Shuji Nakamura, Nichia Kagaku Kougiyou and releasing Japan’s creative power

Shuji Nakamura was also a very diligent writer of patents and wrote a large number of very strong patents. These inventions together with patents propelled his then employer Nichia Kagaku Kougiou from a maker of phosphors (which were used for cathode ray tubes and fluorescent tubes) to one of the most important semiconductor companies. For these inventions, Nichia paid Shuji Nakamura a salary approximately on the level of a Japanese primary school teacher, plus a few US$ 100 bonus for the inventions.

Lets not go into the law suits between Nichia and Shuji Nakamura here, but let me say, that I have never found the complete story explained in the media. Most media reports give a very incomplete picture of the true story of the law suits between Nichia and Shuji Nakamura. – I guess most media just copy from each other in this case…

I noticed Shuji Nakamura’s work first around 1992 at the Japanese Applied Physics Conference in Nagoya, where Shuji gave a talk about his GaN work. I visited Shuji a couple of times in Anan (Tokushima-ken), he introduced me to the founder of Nichia, Mr Nobuo Ogawa, without who’s support Shuji’s work would have been impossible. With Nobuo Ogawa’s death, Shuji decided to move to the USA, to Santa Barbara, where he is working today. Interestingly, when Shuji was looking for a job, he had lots of offers from USA, but none from Europe and none from Japan… Why that?

Shuji developed deep insights about issues holding back Japan, and has shared his advice on many occasions, including also the Ludwig Boltzmann Forum, which I annually organize in Tokyo as a leadership platform. Read about his talk here, where Shuji passionately calls for changes – even a revolution – in Japan, to unshackle Japan’s creative energies.

To learn more about the Blue GaN LEDs and lasers, and their invention:

and of course you can also read Shuji Nakamura’s, Isamu Akasaki’s and Hiroshi Amano’s 100s or even 1000s of original scientific publications.

Shuji Nakamura talking passionately at the Ludwig Boltzmann Forum in Tokyo 2013
Shuji Nakamura talking passionately at the Ludwig Boltzmann Forum in Tokyo 2013

Copyright (c) 2014 Eurotechnology Japan KK All Rights Reserved

Apple Pay vs Japan’s Osaifu-keitai – the precursor to Apple Pay

Mobile Payment Forum and Eurotechnology Japan KK jointly organize the Mobile Payment Forum meeting in Tokyo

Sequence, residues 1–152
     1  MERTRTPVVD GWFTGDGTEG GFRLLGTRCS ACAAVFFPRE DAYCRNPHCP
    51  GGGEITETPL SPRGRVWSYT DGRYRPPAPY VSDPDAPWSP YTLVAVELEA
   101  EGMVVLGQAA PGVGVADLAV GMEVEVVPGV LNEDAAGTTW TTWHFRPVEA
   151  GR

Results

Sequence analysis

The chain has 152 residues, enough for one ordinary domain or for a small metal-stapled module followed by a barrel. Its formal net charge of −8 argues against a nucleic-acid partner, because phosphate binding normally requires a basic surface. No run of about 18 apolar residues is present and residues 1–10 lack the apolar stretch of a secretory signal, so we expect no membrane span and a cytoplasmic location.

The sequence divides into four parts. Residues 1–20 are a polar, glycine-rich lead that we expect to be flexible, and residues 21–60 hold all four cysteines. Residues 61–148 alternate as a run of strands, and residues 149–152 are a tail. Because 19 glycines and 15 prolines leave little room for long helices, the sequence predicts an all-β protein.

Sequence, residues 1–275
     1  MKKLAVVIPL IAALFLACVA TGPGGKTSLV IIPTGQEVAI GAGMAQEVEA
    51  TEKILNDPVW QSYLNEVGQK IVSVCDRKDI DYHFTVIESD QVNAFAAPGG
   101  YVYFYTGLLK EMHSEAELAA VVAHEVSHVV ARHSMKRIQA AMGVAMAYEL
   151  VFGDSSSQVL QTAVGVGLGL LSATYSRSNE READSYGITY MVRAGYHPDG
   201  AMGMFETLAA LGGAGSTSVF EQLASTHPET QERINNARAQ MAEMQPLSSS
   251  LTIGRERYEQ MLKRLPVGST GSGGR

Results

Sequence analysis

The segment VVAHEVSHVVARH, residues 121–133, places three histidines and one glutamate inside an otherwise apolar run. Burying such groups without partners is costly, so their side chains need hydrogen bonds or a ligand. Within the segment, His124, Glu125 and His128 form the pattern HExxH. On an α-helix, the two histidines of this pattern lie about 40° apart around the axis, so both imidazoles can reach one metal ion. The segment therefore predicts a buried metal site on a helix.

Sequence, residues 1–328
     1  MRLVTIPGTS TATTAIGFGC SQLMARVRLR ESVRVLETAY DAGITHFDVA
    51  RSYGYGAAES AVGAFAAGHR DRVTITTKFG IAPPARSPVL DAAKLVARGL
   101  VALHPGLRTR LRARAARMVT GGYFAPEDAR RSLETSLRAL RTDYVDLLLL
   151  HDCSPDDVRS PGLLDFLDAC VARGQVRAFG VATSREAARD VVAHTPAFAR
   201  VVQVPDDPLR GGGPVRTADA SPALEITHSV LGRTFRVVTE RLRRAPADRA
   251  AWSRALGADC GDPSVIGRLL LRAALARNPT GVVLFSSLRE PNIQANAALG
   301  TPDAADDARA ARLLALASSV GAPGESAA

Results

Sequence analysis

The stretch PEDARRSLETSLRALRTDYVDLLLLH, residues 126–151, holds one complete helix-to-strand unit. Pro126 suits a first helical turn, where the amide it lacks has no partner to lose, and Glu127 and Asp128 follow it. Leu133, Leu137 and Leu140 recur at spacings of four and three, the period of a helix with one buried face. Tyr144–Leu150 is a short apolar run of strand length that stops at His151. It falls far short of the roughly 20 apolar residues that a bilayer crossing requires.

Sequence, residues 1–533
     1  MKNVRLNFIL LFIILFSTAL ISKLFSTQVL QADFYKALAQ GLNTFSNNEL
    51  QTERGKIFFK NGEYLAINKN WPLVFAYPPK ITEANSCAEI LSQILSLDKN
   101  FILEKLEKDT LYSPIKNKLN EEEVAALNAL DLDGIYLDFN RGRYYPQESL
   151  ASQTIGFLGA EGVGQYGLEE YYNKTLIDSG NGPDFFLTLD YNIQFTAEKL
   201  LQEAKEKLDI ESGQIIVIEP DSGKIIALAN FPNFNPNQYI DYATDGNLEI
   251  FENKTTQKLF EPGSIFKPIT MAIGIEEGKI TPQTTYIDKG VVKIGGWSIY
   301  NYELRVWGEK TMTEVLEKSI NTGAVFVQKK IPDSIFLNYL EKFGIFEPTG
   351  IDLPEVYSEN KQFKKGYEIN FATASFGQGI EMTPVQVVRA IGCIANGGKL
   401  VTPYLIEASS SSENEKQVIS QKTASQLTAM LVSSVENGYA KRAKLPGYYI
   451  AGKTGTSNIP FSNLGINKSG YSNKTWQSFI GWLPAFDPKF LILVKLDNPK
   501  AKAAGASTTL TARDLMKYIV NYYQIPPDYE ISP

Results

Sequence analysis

What can we learn from 10+ years of mobile payments in Japan?

Apple Pay vs Japan’s Osaifu-Keitai: watch the interview on CNBC

Mobile payments Japan, e-money and mobile credit (200 pages, pdf file):
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Japan’s Osaifu keitai mobile payments started on July 10, 2004, after public testing during December 2003 – June 2004

Two different types of Docomo‘s “Osaifu-Keitai“, manufactured by Panasonic and by SONY, were publicly tested by 5000 customers between December 2003 – June 2004. Docomo’s Oseifu keitai mobile payment system builds on SUICA NFC stored fare cards, which JR-East brought to market in Tokyo on November 18, 2001, after long years of development and public testing, where the author of this newsletter was one of the testers.

Apple-Pay was developed building on almost 15 years of NFC payments in high volumes in Japan

Therefore, those who wish to make predictions about how the Apple-Pay market is likely to develop can use the experience gained during 15 years in Japan.

There are also some open questions, which will probably be answered after we can all check out Apple-Pay after September 19, 2014. One point which is very important is the speed of transactions – especially in transport applications such as the London or Tokyo Subways – read about this in the next section of this newsletter below.

Read more below, and in our reports on mobile payments and electronic money in Japan:

The speed of NFC mobile payments – and why does it take 10 years to reinvent the wheel?
and: what is the speed of Apple-Pay transactions?
faster than 100 milliSeconds? or 500+ milliSeconds?

On July 17, 2012 The Wallstreet Journal reported, that as far as Transport for London is concerned, there is no viable mobile payment solution available at this time, because to the knowledge of Transport for London at that time, mobile payment transactions take longer than 500 milli-seconds, which is too slow for Transport for London requirements (e.g at Picadilly station during the rush hour).

Interestingly, in Japan “mobile SUICA” payments have been used in Tokyo successfully since January 28, 2006 at the world’s busiest railway stations including Shinjuku and Shibuya – arguably more busy than Piccadilly Circus in rush hour, with transaction speeds faster than 100 milli-seconds – according to The Wallstreet Journal, London Transport did not even know about this.